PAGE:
Our goals for an automation lab were accessibility, visibility, and efficiency. We ended up with that and more. As the physical space was created and evolved, our process and understanding of automation testing grew and solidified with it.

October 4, 2016

Quality Assurance Automation

In today’s mobile world, quality assurance automation is a new necessary in successful testing. It allows us to be hyper-focused on the quality of our client’s work by checking overlooked things without using team resources. At Bottle Rocket, we’ve defined a formal process for it that allows our QA team to concentrate on more complex testing.

It wasn’t easy developing an automation process from scratch. Deciding to adopt automation brought about a lot of questions: How would automation engineers be allocated within the company and our projects? How much work can one automation engineer handle? What technology would we need to adopt to accommodate them?

Since starting from scratch also meant that there were no design patterns or coding standards in place, there was no testing framework or concrete plan for integrating automation into our current processes and projects. So we started off by selecting our tools of trade – Appium and Postman.

 

Step one: deciding the tools

Appium is an industry-standard, open source quality assurance automation tool based on Selenium's WebDriver. It works by sending commands such as swipe, tap, and long press exactly like a user would. It also includes features such as flexibility to program in multiple languages and a large community surrounding the framework.

For server testing, we selected Postman. This tool sends and receives HTTP messages and can easily test various user flows through API calls. Some benefits of Postman include ease of use, great user experience, and flexibility.

 

Step two: getting the ball rolling

Working out the new processes and workflows of automation comprised of a lot of trial and error. For example, some significant hurdles included provisioning profiles and attempting to install iOS apps from the command line. In the end, Rocketeers discovered a way to create the right build and how to get it onto the device.

After developing a framework from scratch to form automated test plans, automation engineers designed test cases that are general enough to be used for any project. Although reusable test cases take longer to build, they save time in the long run because testers don’t have to write or edit tests for every new project.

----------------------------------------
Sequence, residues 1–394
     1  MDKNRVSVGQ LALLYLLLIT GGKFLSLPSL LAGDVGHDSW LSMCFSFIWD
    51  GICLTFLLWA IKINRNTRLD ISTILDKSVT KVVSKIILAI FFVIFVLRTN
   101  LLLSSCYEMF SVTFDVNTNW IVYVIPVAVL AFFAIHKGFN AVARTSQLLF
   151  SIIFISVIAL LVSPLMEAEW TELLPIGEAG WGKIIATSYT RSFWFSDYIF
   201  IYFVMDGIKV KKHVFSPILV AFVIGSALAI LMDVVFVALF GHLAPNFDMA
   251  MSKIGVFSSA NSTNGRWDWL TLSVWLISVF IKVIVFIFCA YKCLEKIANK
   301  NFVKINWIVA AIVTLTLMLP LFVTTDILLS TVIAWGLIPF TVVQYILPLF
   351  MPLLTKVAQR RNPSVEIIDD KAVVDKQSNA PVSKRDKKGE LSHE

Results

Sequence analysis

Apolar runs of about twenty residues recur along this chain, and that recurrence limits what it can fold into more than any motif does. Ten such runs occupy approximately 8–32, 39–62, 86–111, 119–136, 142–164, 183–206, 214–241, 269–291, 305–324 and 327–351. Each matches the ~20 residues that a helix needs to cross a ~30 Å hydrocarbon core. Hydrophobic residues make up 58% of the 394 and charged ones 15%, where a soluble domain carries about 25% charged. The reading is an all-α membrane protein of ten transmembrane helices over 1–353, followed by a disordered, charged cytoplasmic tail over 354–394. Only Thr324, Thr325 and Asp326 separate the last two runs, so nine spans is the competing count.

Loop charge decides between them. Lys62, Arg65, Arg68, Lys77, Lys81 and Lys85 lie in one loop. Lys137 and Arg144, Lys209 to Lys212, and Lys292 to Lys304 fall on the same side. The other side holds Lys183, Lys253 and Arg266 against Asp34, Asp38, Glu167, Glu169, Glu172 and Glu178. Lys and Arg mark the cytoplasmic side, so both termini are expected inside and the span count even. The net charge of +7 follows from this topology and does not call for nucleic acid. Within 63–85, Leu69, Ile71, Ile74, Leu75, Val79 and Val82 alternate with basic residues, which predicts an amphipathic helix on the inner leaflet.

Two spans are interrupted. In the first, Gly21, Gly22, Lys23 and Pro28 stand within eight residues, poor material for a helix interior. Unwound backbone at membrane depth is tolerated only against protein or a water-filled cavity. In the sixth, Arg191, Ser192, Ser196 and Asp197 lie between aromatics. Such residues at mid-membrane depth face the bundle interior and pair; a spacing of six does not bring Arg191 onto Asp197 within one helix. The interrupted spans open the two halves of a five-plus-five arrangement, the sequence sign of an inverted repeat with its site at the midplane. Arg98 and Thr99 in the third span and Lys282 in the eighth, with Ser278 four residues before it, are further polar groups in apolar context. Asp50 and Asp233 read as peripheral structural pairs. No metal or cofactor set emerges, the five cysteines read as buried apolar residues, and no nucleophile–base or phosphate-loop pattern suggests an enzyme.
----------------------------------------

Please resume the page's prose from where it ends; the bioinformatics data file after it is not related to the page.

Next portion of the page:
Encapsulation, or the explicit bundling of certain parts of code, was also a major focus of our initial automation process. This helps change the target operating system or device for a test run without affecting the test cases themselves. Having two separate code pieces makes the overall framework much more configurable.

 

Step three: integrating automation

The first phase of integrating automation with our current QA process involved training for manual testers. We started off with the basics: programming with Java. We hosted an interactive coding class covering everything from objects to arrays in an approximately eight-week time frame.

After the training, Rocketeers moved on to automation itself with a focus on Appium. We were given some sample code to examine and edit, and after a few weeks, our team wrote scripts and manipulated the app on a physical device.

Since adopting automation, test coverage for both test cases and devices has improved, and testing volume has increased. In the future, we will continue to grow our automation lab with a myriad of test devices to choose from as well as expand our automation team and refine our framework.

 

Automation streamlines the quality assurance process and frees up our testers to focus on tasks that matter most to our clients. Make sure to contact our team of Rocketeers if you’re interested in hearing more about our automation services.